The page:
I wasn't going to write about the 500th anniversary of John's Calvin's birth, but, while speaking today to one of the most faithful readers of this blog, I was told, "I'll be looking for your post about John Calvin on your blog tonight."  So, it occurred to me to ask, "What would John Calvin think about our new technology and social networking tools?" 

Yesterday, I drove over to Tampa to participate in a coffee shop discussion about the church and new technology.  It was a very informal gathering and the participants were members of a large Presbyterian Church in Tampa.  The conversation was for anyone who showed up.  I was there with five other people. The moderator of the discussion simply announced that he would be at Panera on Wednesday night and twice on Thursday morning for the next three weeks.  The topic was simply, "what should the church do with all of the new technology and social networking tools that are available to us?"

John Calvin did not enter the discussion except for a brief mention noting that Friday was his birthday. I'm not a historian so I can't really give an informed opinion of Pastor John's possible opinion on the use of Facebook today in the church.  But I remember that he was a reformer.  He did not tolerate the status quo when it stood in the way of what he thought was the authentic church.  I am certain if John Calvin had been notified that he had a Facebook friend request from Michael Servetus, Calvin would have denied the request.

At Panera yesterday, we discussed and debated the value of new technology such as Facebook, Twitter, email, internet resources, and things like the ability to broadcast a worship service to remote sites across town or even across the planet.   One person spoke about church members who were US soldiers in Iraq participating in worship services back in the US through a lap top PC connected to the internet. Others spoke of a church in England that has multiple sites around the world each Sunday where worship participants view a preacher who is live and in person in only one location but is simultaneously leading worship through a live video presentation in many other locations around the world.  This church was trying to figure out how to respond to a baptism request from a participant in New Zealand (or some location) very far from the home church in England.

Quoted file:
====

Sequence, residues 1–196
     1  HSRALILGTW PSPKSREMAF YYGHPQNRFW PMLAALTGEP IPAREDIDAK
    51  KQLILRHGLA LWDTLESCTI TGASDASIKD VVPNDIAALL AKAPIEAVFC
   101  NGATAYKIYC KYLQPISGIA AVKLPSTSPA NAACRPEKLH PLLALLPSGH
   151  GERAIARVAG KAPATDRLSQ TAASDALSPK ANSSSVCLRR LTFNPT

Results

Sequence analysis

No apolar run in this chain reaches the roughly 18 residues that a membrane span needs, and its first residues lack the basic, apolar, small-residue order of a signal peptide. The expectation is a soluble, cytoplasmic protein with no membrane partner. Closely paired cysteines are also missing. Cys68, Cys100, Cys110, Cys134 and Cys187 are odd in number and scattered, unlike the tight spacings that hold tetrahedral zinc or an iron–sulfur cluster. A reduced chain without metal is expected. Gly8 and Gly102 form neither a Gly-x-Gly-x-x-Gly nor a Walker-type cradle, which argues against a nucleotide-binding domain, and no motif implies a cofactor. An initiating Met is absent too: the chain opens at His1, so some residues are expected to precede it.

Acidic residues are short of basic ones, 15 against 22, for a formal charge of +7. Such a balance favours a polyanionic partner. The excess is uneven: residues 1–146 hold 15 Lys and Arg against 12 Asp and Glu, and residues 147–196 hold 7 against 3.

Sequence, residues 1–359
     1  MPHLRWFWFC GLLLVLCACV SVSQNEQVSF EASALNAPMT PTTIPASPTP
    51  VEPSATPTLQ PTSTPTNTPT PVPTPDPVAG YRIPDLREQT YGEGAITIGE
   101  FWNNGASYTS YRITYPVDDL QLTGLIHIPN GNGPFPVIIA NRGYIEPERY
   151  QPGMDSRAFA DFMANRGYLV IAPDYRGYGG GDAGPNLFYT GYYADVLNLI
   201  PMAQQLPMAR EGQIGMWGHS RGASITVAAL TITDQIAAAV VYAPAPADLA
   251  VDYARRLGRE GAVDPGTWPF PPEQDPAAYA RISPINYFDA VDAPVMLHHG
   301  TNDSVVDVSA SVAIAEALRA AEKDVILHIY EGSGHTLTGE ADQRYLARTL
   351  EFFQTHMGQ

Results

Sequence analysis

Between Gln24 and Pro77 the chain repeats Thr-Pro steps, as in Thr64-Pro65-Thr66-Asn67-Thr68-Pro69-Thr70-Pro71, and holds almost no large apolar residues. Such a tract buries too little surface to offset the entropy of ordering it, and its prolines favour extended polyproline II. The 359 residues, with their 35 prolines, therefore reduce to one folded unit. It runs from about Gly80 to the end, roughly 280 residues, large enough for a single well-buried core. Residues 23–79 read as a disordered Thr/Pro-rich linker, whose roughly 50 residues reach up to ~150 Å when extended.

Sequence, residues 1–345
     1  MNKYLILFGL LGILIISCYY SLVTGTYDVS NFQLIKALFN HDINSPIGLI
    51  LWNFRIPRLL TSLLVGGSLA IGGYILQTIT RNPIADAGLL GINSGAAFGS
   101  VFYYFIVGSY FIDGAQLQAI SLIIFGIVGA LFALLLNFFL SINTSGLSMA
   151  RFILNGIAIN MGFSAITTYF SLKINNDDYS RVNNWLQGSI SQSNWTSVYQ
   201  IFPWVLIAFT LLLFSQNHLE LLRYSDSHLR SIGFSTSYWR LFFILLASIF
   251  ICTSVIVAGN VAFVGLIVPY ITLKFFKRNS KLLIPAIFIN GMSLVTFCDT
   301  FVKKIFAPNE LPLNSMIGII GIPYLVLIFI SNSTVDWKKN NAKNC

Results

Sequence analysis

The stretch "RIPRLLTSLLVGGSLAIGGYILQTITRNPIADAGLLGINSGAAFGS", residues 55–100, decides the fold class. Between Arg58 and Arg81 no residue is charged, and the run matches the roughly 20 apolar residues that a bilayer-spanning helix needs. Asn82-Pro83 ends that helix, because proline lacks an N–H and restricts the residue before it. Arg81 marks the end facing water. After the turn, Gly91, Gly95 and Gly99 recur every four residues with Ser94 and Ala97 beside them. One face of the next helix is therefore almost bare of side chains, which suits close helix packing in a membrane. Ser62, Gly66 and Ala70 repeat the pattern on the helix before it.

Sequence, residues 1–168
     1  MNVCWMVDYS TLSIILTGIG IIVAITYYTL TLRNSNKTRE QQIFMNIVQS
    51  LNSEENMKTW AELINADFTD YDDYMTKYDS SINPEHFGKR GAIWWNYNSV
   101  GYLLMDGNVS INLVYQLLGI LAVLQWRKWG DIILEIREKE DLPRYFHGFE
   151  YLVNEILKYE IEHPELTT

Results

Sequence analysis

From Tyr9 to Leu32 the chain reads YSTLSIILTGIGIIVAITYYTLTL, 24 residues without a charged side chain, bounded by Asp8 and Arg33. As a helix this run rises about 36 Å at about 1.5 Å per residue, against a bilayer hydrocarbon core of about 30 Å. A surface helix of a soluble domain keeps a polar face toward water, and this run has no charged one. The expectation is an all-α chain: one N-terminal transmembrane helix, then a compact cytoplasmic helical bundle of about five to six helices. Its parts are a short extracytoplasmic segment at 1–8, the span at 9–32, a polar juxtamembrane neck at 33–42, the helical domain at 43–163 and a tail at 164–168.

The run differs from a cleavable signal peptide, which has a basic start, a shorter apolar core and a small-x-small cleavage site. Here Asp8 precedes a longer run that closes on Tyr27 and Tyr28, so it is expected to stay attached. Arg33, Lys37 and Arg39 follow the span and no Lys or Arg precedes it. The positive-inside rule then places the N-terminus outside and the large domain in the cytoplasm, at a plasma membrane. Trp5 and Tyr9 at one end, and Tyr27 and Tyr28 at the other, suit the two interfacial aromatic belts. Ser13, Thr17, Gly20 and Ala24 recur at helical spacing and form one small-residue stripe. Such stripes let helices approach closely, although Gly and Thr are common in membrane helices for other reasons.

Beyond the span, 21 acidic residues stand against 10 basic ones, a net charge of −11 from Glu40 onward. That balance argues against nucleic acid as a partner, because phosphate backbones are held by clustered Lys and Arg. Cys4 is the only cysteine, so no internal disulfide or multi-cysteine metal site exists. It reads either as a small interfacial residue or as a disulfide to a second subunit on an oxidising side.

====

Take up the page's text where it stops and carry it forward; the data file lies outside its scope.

Library Books History of the Church 2009 These examples cause us to ask important questions about ecclesiology (questions about the nature of the church) and mission.  I remember the late Jack Stotts, then President of McCormick Seminary, teaching an ethics class using the writings of Dietrich Bonhoeffer, saying, "just because you can do something doesn't mean you should do something."

Then again, that doesn't mean we shouldn't be using new technology.  We sometimes forget that books are a relatively new technology.  The Gutenburg Press was only invented around 1440 CE.  The church has been around for about 2000 years and the printing press (and easily available Bibles) has only been around for a little over 500 years.  Books from a printing press were a relatively new technology in the time of John Calvin.

The conversations and debates about new technology and their use in the church (or the refusal to use new technology) will continue in coffee shops, church committee rooms, and in seminaries from Switzerland to New Zealand to the US.  What questions about the nature of the church are raised for you by the new technology available today?  Does new technology enhance mission efforts or hurt those efforts?  What do you think about the new technology and the church?  If you are not already my Facebook friend, you can find my FB badge on the lower left sidebar of this blog.  ;-)
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